I wouldn’t recommend driving through the desert in the middle of September in a car with no air conditioning, however we are living proof that it can be done. From Southern California we passed through the blazing heat of Nevada and Arizona before we arrived in Southern Utah. Many of our friends were not envious of our plans to travel over 800 miles, and cross over two states, just for the weekend. The common conception, to a number of Californians, is that Utah has nothing to offer and they wouldn’t dream of visiting.
We were among the many who believed this misconception until we discovered Zion National Park. After exploring this place of refuge, our eyes have now been opened to the infinite natural wonders Utah has to offer. Zion boasts massive canyons that seem to converge with an enormous sky. Hues of pink, red and cream dance along the sandstone walls like oil paints smeared on a piece of canvas. We came here on a whim and walked away with an admiration of the rugged beauty that lies just seven hours from our home.
One thing to keep in mind when looking for places to stay while visiting Zion National Park; when you make a reservation at an RV resort or campground, make sure they give you a campsite number. There are many RV parks that offer tent camping, but it may not be what you are expecting if you enjoy the wilderness. On the other hand, if you like sleeping next to a main road in your tent, then feel free to make reservations at Willow Wind Resort in Hurricane. I’m sure they will have space for you.
For a campsite that is not located in the middle of town, you might try Sand Hollow State Park in Hurricane, which is about 45 minutes from Zion. They offer primitive sites for $13 per night or full hook ups with showers for $25 per night. It overlooks Sand Hollow Reservoir where you may or may not contract swimmers itch according to the sign at the gates. If you stay here, you must remember that park gates close at 10:00 pm, so no late arrivals are possible.
You can also stay in St. George, off Exit 8 (From the 15 Freeway), where hotels start at $29 per night. Check around for reviews on cleanliness of these hotels. We stayed at the Sands Motel and it was good enough for a place to rest our heads, although don’t get me wrong, we still used our own blankets since we had them with us.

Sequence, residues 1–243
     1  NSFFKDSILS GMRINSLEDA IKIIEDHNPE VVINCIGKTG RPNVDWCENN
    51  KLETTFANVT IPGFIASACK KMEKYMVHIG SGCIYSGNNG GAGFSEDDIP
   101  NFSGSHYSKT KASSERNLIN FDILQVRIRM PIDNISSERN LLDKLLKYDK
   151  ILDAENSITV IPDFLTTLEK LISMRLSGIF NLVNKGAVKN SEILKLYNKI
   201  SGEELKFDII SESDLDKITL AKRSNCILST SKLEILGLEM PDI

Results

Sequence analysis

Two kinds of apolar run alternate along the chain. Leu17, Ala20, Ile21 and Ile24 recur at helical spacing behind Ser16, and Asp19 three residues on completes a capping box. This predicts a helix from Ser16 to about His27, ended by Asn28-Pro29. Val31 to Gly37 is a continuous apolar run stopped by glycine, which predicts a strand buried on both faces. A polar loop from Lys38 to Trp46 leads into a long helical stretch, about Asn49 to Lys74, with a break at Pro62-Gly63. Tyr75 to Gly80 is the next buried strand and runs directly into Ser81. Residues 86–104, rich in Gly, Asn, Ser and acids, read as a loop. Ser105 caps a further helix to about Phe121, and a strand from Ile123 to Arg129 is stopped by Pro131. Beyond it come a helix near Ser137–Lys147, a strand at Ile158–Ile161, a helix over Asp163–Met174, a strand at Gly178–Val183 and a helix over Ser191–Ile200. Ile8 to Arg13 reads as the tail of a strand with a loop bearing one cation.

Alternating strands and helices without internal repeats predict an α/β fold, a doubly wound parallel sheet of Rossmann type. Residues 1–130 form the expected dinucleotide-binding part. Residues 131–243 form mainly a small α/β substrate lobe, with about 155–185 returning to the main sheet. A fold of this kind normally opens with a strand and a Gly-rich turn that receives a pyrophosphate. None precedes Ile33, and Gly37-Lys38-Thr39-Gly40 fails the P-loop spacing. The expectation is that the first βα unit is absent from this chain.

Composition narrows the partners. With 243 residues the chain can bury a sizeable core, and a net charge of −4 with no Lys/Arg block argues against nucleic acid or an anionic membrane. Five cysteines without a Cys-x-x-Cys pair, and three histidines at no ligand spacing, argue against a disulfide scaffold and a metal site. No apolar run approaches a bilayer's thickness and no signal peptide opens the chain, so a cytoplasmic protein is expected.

There are a plethora of lodging options in Springdale, at the heart of Zion, but you may find the accommodation either too expensive or at max capacity. There are also a couple of campgrounds inside Zion National Park. Watchman Campground allows reservations, although in the summer the sites are booked well in advance. The South Campground is first come first serve, so get there early.
Zion is by no means in the middle of nowhere, as we had expected. It is not as primitive as some National Parks we have visited. For instance, there are lots of restaurants and shops in Springdale if you are willing to spend a few extra dollars.
Parking is not a problem since there is a free town shuttle from anywhere in Springdale to the entrance of the park. You may also try your luck getting a spot at the lot inside the park if you arrive early or if you visit during off-season. Zion offers a park shuttle that runs from April through October. During this time, you may not drive your own vehicle on the scenic drive in Upper Zion Canyon.
During summer months, the park shuttle runs from 6:30 am to 11:00 pm. It is a highly informative way to see the park. During the ride they explain the history and point out which hikes start at each of the shuttle’s eight stops. Just be prepared for hot weather if you go during the summer months, which may deter you from doing some of the more strenuous hikes.
Emerald Pools is a very popular hike and has three different levels: lower, middle and upper pools. If you decide to hike to the upper pool during the summer months, it is a little strenuous and hot, so bring a bathing suit or at least be prepared to take your shoes off to wade up to your knees. It is well worth it to see this pool and to cool off while you have a little rest.
The park’s most visited attraction is the Riverside Walk (Gateway to the Narrows Trail). It takes about 1.5 hours round trip and as the name suggests, the trail follows along the river. You will likely see a variety of wildlife along the trails including friendly squirrels begging for food, possibly a family of deer and maybe even a tarantula. No joke about the hairy spider, it scared me senseless!
At the end of the Riverside Walk trail, you can continue your way up the river approximately two miles by wading through the water between a narrow canyon. The water can get substantially deep in certain areas; as a result some people bring water shoes and a few even wear wetsuits. It’s quite an adventure to hike the narrows trail, although there are warnings of flash flooding so be mindful of your surroundings. The safest time to hike this trail is June or September when thunderstorms are least likely.
For a more strenuous and daring hike you can try Angels Landing. This trail runs along a narrow rock fin with up to 1,000-foot drop-offs on both sides. It’s definitely not for the faint of heart. If you are interested in checking it out, you may want to watch a video of people hiking it on youtube.com first.
This park has a variety of trails in addition to the ones mentioned here from easy to strenuous and even spots to go Canyoneering. When planning a visit here, give yourself at least two to three days to cover a good portion of the hikes. Zion is indeed a place of refuge, a sanctuary, to say the least. One may get lost in the expansive beauty of such a place. Whether you are the camping type or you like to stay in a cozy hotel, your options near Zion are endless.
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